Undergraduate Course: Regional Perspectives in a Globalised Muslim World (IMES10107)
|School||School of Literatures, Languages and Cultures
||College||College of Arts, Humanities and Social Sciences
|Credit level (Normal year taken)||SCQF Level 10 (Year 4 Undergraduate)
||Availability||Available to all students
|Summary||The course presents historical, religious, political, social, economic, and cultural perspectives from the core regions of the Muslim world and from Muslim-minority contexts paying special attention to contemporary regional issues. Each lecture/seminar will introduce the students to specific tools of investigation and approaches of analysis that are particularly significant for these perspectives. It will help students answer key questions about Muslim communities in specific regions of the Muslim world. The course will also highlight the connections and bridges, as well as the significant differences, between regions and perspectives as students progressively build a better understanding of the field of research.
This course examines the evolving dynamics of Muslim societies in the different regions of the Muslim world (and beyond) in the modern period. It explores the key features of Muslim societies and regional interactions across religious, socio-economic, cultural, and political phenomena. The course themes include different levels of analysis (from the relations between states to the everyday practices of religiosity).
This course will cover themes related to regional perspectives on the Muslim World that may include, but will not be limited to, the following topics:
Muslim dynamics in Sub Saharan Africa
Islamism and International Relations in the Middle East
Shiism and Iran in context
North Africa Islamism after the Arab uprisings
South East Asian Muslim societies
Muslims in India/South Asia
Comparative Muslim regionalism
The course is a combination of lecture-style presentation of the weekly topic by the lecturer for the first hour of the course, followed by a tutorial style seminar in the ensuing hour where students among themselves and students and the lecturer discuss and explore in more depth some of the salient issues pertaining to the topic. Lecture slides will be made available to the students before the session alongside a series of weekly questions and exercises that should be researched and answered in preparation for the seminar. A specific session on research design will take place to prepare the students for the writing up of a research project. This UG course is taught jointly with PG students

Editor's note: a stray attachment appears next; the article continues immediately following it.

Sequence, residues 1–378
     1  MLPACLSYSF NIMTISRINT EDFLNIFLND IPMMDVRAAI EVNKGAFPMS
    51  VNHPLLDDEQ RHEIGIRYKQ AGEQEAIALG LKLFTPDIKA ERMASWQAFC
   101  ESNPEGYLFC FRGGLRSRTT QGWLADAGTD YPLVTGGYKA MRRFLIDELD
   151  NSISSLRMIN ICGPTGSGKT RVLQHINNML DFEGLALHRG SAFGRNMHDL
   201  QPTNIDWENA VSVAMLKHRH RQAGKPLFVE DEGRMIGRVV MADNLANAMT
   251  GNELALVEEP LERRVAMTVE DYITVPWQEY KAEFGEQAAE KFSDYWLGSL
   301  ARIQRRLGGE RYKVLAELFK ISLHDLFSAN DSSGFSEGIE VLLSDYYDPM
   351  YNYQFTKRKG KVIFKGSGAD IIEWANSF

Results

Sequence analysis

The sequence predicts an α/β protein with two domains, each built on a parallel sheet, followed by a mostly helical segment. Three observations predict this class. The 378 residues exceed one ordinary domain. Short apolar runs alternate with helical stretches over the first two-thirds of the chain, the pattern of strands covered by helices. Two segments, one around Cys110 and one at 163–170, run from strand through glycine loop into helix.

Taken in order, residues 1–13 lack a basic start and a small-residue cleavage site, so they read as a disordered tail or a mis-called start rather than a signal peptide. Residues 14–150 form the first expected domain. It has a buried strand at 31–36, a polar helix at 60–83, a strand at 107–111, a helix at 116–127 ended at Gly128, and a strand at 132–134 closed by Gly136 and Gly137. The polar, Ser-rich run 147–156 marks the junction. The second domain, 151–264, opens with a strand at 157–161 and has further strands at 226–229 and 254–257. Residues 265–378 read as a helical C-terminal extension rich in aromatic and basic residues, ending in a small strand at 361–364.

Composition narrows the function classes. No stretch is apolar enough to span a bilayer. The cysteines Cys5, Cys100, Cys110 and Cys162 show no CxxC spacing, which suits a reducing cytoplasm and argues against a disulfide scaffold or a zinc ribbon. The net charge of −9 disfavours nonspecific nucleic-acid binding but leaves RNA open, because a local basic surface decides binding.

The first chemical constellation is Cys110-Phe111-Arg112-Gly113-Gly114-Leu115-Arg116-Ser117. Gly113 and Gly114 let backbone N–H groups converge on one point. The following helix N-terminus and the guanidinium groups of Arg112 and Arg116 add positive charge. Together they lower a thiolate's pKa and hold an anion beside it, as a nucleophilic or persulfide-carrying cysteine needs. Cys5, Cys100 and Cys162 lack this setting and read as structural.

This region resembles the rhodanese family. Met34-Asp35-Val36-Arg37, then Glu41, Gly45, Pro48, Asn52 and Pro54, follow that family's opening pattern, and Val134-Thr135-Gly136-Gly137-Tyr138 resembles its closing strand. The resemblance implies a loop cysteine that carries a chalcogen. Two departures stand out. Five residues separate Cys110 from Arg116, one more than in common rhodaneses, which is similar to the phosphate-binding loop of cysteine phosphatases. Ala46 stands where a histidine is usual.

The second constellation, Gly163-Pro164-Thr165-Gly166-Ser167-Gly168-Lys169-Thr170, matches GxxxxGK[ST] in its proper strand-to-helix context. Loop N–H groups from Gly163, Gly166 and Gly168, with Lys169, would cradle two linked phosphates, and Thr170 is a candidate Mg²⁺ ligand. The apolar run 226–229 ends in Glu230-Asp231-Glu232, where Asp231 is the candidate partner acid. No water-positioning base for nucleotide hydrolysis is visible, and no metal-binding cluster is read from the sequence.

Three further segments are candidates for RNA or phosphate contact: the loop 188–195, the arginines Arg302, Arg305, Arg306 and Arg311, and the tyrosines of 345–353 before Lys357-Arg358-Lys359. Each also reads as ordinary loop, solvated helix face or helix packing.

Entry Requirements (not applicable to Visiting Students)
||Other requirements|| None
Information for Visiting Students
|High Demand Course?
Course Delivery Information
|Academic year 2022/23, Available to all students (SV1)
|Learning and Teaching activities (Further Info)
Seminar/Tutorial Hours 20,
Programme Level Learning and Teaching Hours 4,
Directed Learning and Independent Learning Hours
|Assessment (Further Info)
|Additional Information (Assessment)
||Coursework 100 %
1. A 1,000-word review essay (40%)
2. A 2,500-word research project design on a regional issue related to the Muslim world (60%)
||- Weekly oral comments by lecturer and peers on seminar participation
- Individual written feedback on mid-course essay provided by marker
- Formative assessment of research project outline and group formative feedback given during the research design session.
- Individual written feedback on final research project design provided by marker
|No Exam Information
On completion of this course, the student will be able to:
- Compare the role of Islam and Muslim societies in different regions of the world from historical and contemporary perspectives.
- Analyse the political, economic, religious, and cultural linkages among Muslim communities across various regions.
- Synthesise and critically evaluate different methodological approaches to the study of Muslim societies by anthropologists, sociologists, political scientists, and historians, among others.
- Apply the skills gained in the course to develop and write a research proposal on a question/issue related to the studied themes.
|Indicative reading list: |
Attiya, Ahmad. 2017. Everyday Conversions: Islam, Domestic Work, and South Asian Migrant Women in Kuwait. Duke University Press.